3

For one of our databases the query like below is extremely slow.

Due to security reasons I am not able to share the actual query or plan but just to give an idea how query is written is below

SELECT [Id]
      ,[AboutMe]
      ,[Age]
      ,[CreationDate]
      ,[DisplayName]
      ,[DownVotes]
      ,[EmailHash]
      ,[LastAccessDate]
      ,[Location]
      ,[Reputation]
      ,[UpVotes]
      ,[Views]
      ,[WebsiteUrl]
      ,[AccountId]
  FROM [StackOverflow2010].[dbo].[Users]
  WHERE DisplayName IN (

 SELECT DisplayName from dbo.Users
 WHERE CAST(LastAccessDate AS DATE) = CAST ('20160814' AS DATE)
 AND CreationDate>= DATEADD (DAY, -30,LastAccessDate)
 AND CreationDate<= LastAccessDate)

In stackoverflow database this does not return any rows but for our existing 6 TBS database its really slow.

CreationDate and LastAccessdate columns are both datetime (10)

and DisplayName is Varchar(50)

Please suggest how can I improve performance if above can be re-written

1
6

You can improve things greatly without rewriting the query by just adding indexes, from what I can tell.

Here's the execution plan I get on SQL Server 2019 (note that I changed the date to '20090814' just so it would return some results):

enter image description here

Table 'Users'. Scan count 18, logical reads 15430

 SQL Server Execution Times:
   CPU time = 297 ms,  elapsed time = 94 ms.

This scans the entire Users table once to get the users that meet the date criteria, and then several more times to get the rest of the users that have matching display names.

Not ideal.

The query only takes 94 ms on my machine, mostly because everything is in RAM and the query is running at degrees of parallelism (DOP) 8.

However, adding these two indexes helps the situation a lot:

CREATE NONCLUSTERED INDEX IX_LastAccessDate 
ON dbo.Users (LastAccessDate)
INCLUDE (CreationDate, DisplayName);

CREATE NONCLUSTERED INDEX IX_DisplayName
ON dbo.Users (DisplayName);

Now I get this execution plan:

screenshot of execution plan in plan explorer showing index seeks instead of scans

Table 'Users'. Scan count 15, logical reads 153

 SQL Server Execution Times:
   CPU time = 0 ms,  elapsed time = 0 ms.

SQL Server is able to produce a seek plan here by using the internal GetRangeThroughConvert function to determine the range of possible datetime values that are equivalent to CAST(LastAccessDate AS DATE) = CAST ('20160814' AS DATE). Essentially, it rewrites the query in the background to match the suggestion made by Mo64.

Note: you are probably better off rewriting to explicitly use that range query, rather than depending on the hidden implicit conversion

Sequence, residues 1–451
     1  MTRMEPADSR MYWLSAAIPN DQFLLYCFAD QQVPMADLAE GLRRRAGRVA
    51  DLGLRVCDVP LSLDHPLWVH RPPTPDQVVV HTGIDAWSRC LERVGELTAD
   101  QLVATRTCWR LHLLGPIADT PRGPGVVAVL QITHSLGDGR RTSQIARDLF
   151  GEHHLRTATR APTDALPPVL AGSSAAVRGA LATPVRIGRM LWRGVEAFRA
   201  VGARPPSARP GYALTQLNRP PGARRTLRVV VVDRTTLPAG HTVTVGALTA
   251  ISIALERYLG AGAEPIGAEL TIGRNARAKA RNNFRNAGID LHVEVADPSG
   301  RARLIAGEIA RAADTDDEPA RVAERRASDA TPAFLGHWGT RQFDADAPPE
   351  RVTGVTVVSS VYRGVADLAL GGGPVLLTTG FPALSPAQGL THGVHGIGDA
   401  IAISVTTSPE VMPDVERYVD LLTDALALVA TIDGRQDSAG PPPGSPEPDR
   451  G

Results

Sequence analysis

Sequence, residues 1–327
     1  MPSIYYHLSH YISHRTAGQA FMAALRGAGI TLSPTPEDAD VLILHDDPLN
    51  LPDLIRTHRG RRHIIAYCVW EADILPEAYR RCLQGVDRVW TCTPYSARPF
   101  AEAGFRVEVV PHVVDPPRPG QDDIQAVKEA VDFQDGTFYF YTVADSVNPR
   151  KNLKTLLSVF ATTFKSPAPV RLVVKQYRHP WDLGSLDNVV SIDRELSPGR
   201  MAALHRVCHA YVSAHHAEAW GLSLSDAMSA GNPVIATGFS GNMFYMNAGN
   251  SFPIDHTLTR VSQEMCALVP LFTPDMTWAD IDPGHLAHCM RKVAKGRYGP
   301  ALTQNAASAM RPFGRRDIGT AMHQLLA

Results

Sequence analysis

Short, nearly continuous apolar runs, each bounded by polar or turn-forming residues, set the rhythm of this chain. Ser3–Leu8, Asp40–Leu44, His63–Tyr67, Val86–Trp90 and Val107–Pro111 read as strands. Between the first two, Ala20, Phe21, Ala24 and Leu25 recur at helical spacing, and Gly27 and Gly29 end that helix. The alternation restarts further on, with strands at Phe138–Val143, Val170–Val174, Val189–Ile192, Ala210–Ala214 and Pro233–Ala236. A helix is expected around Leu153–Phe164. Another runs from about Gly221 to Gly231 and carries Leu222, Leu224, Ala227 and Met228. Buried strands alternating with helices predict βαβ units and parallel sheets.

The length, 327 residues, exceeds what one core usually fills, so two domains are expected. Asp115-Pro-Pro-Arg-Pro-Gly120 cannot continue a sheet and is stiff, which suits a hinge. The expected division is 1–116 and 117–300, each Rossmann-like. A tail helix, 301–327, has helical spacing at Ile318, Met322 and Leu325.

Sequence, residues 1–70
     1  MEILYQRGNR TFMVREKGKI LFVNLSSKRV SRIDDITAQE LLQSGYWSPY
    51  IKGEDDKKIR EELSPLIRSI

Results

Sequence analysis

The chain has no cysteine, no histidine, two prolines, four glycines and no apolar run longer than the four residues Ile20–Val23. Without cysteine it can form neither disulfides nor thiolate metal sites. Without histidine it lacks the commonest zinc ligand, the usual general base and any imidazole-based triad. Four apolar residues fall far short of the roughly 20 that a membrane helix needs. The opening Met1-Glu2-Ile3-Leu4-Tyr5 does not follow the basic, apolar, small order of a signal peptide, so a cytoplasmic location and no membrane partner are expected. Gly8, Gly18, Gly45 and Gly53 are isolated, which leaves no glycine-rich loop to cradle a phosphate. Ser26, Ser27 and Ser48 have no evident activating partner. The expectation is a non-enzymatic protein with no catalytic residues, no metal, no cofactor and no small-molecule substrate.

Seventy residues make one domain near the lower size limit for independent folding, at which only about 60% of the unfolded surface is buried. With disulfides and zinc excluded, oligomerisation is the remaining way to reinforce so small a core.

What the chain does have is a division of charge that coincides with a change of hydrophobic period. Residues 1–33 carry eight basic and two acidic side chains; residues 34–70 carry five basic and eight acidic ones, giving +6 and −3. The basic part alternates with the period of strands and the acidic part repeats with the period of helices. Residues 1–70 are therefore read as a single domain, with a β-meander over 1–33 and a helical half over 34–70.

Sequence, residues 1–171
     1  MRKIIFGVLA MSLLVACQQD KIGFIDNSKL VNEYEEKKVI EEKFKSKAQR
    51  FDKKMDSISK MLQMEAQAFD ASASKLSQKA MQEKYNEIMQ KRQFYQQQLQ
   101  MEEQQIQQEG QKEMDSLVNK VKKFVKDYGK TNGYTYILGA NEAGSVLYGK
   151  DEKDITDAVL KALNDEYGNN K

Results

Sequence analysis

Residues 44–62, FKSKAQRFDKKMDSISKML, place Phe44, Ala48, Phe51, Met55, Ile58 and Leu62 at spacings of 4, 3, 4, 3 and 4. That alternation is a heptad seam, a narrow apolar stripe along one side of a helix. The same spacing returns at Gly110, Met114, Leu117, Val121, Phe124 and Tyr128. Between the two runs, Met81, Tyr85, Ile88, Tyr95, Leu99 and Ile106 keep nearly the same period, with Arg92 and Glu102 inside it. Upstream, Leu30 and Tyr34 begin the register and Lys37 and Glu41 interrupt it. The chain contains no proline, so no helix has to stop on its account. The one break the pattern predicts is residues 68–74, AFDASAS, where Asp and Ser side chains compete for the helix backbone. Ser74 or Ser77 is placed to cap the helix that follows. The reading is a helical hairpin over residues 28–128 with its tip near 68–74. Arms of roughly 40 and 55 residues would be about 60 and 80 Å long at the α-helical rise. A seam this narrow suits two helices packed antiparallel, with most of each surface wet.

You can read more details about this sort of execution plan on Paul White's blog: Dynamic Seeks and Hidden Implicit Conversions

The situation could be improved even further if you eliminate the key lookups - either by selecting less columns, or including all the necessary columns in the first index (on LastAccessDate).


I realize this is kind of a toy example, but hopefully it illustrates the general solution that can be applied to your real situation:

  • Add an index that will allow SQL Server to jump to the right date in the subquery
  • potentially rewrite the CAST from datetime to date to be two inequality conditions. In other words, replaced this:
WHERE CAST(LastAccessDate AS DATE) = CAST ('20160814' AS DATE)

With this:

WHERE LastAccessDate >= '20160814' AND LastAccessDate < '20160815' 
  • Add an index that will allow SQL Server to jump to the matching varchar(50) column values
0
4

You will always have a full table/index scan (no seek) anyway.

There is no way for SQL to "guess" on "CreationDate<= LastAccessDate" so it will have to read every single row to compare both date.

If your table is big, it will take time.

You could try with a Computed column on "CreationDate<= LastAccessDate", this could give SQL some stats.

If you put an index on top of it, then you may see huge improvement.

5
  • You're right about not being able to get a seek on that specific condition, but you can narrow things down (potentially by a lot) by getting a seek on LastAccessDate. – Josh Darnell Jul 2 '20 at 13:41
  • Agree... the less page you read, the fastest it will be. I did have a huge improvment with a computed column for a similar case. SQL is bright enough to use it even if you do not include that column in you query and ended up with a seek in this index that contained the computed column and the other required field. If you can alter the table, I guess it's the option that could give the best performance improvment. (specially if there is a lot of row in the table) – Dominique Boucher Jul 2 '20 at 13:43
  • 1
    Oh for sure, I think the computed column is a great idea with a lot of potential. – Josh Darnell Jul 2 '20 at 13:50
  • @DominiqueBoucher: Thanks and do you think "IN" part of query can use temptable here? – Newbie-DBA Jul 3 '20 at 17:33
  • I'm not sure I understand your question. Do you mean you want to populate a temp table first (with the content of the subquery) and then use that temp table into your main query ? – Dominique Boucher Jul 3 '20 at 17:43
2

You will get a table scan because you have a CAST() function on your date column.
I would make sure that the date column is indexed and then change the where clause to:

WHERE LastAccessDate >= '20160813' AND LastAccessDate < '20160815' 

...that way you should get an index seek.

Probably even better if you turn the hard coded dates into datetime variables and either pass the values as SP parameters or assign them as local variables - depends on your coding style etc.

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